According to the latest figures released by NHS Digital there were 86,055 advertised full-time vacancies in the NHS in England in the first quarter of 2017, a ten per cent increase on last year.
In March, the last month for which figures are available, there were 30,613 vacant full-time positions advertised, compared to 26,424 in the same month in 2016, a rise of 16%.
Of the first-quarter vacancies, some 32,929 were for nursing and midwifery posts and 11,155 for medical and dental, which includes doctors.
Sky News recently spent time at Northwick Park Hospital in Harrow, London, a hospital that has introduced innovative measures to tackle its own recruitment challenges. It has +the largest A&E department in London, but is facing rising demand and a shortage of specialist registrars, middle-ranking doctors.
Northwick Park decided to recruit staff directly from India after facing competition from other London hospitals that were driving up pay.
Miriam Harris, the clinical lead in the Northwick Park emergency medicine department, who wants to prevent a bidding war, said: “Rather than offering large salaries, which is what we tried to do before and got caught up in a bidding war with all other hospitals in London, we were offering to train people and invest in them and their future.”
A specialist A&E registrar from New Delhi, Lajeesh Vettikat, said that he had been surprised by the pressure on A&E departments.
He told Sky News: “I had read about the A&E sector – now I know how real the shortage is in terms of doctors and nursing staff.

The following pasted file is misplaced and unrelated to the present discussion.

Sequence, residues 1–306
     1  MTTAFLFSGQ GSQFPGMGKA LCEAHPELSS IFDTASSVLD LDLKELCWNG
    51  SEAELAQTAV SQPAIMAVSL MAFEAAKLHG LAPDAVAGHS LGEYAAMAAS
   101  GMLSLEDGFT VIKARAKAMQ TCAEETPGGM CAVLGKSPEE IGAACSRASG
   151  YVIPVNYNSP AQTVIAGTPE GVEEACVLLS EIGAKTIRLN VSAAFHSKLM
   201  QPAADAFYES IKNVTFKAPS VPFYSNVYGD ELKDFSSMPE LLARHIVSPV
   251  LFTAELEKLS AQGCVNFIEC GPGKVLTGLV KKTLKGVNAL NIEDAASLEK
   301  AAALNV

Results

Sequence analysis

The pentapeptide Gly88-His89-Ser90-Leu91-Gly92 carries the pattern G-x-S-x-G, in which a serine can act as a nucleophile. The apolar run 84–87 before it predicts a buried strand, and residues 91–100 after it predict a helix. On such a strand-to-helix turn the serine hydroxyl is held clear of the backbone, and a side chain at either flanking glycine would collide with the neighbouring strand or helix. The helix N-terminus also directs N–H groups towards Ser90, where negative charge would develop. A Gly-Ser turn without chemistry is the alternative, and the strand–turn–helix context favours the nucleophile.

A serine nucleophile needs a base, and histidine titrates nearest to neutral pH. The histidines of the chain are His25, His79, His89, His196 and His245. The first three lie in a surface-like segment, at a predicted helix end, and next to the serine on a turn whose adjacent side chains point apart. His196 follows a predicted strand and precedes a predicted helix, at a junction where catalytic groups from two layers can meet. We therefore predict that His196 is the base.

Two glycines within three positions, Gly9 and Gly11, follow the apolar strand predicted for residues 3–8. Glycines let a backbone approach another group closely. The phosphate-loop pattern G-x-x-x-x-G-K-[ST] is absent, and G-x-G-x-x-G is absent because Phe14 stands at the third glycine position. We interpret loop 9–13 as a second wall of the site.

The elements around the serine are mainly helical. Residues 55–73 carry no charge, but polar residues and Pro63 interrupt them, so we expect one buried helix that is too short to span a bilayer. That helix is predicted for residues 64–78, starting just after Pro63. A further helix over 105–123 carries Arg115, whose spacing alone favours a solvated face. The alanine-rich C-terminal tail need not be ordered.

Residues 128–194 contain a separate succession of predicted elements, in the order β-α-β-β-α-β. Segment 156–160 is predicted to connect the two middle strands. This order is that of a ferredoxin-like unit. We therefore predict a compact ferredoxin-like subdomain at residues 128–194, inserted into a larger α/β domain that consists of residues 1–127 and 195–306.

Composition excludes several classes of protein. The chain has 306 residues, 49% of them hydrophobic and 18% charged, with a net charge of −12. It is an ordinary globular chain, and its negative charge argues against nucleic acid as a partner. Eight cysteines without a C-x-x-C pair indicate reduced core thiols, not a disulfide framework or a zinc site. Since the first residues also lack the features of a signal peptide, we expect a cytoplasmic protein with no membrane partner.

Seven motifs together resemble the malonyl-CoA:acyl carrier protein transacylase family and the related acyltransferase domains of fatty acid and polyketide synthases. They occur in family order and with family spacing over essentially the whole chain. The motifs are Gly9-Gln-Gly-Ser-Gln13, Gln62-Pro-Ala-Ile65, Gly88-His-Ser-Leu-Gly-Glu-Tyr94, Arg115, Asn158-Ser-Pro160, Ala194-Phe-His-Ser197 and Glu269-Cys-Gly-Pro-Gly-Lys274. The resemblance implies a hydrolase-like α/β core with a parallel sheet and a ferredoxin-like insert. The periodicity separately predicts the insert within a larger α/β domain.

“This is the biggest A&E department in London and we have about 30 doctors a day here, but the number of patients in A&E is so huge we end up seeing patients in the corridors, in the back of ambulances, in the waiting rooms, in the relatives’ rooms.
“It is really worrying but we are working really hard to make sure the patients are safe and the department is safe.”
Nurses are also being trained at Northwick Park to become advanced clinical practitioners, an intermediate qualification that will enable them to take on some of the doctors’ duties, including prescribing medication and discharging patients which is crucial to freeing up beds and improving the flow of patients through the hospital.
Brexit may be causing some effect on the situation – In June, it was revealed that the number of nurses from the European Union registering to work in the UK had fallen by 96% since the Brexit vote last year.
NHS England chief executive Simon Stevens has said that the NHS will have to recruit 2,000 doctors from abroad, despite having a target of training 5,000 more UK based doctors by 2020.
The Royal College of Nursing has warned that there are approximately 25,000 vacancies and has said that the strain on existing staff is putting the NHS at a “tipping point”.
A Department of Health spokesperson said: “Staffing is a priority – that’s why we have invested in the frontline and there are almost 32,400 more professionally qualified clinical staff including almost 11,800 more doctors, and over 12,500 more nurses on our wards, since May 2010.”
Labour’s shadow health spokesman Justin Mathers told Sky News that the latest figures had not come as any surprise.
He said: “We’ve been warning for some time that the Government were simply not doing enough not only to recruit enough staff but to retain existing staff.
“We know that Brexit has led to a massive reduction in the EU nationals that work here in the health service and we know that figures show that more midwives are leaving the profession than joining it for the first time in the history of the NHS.”
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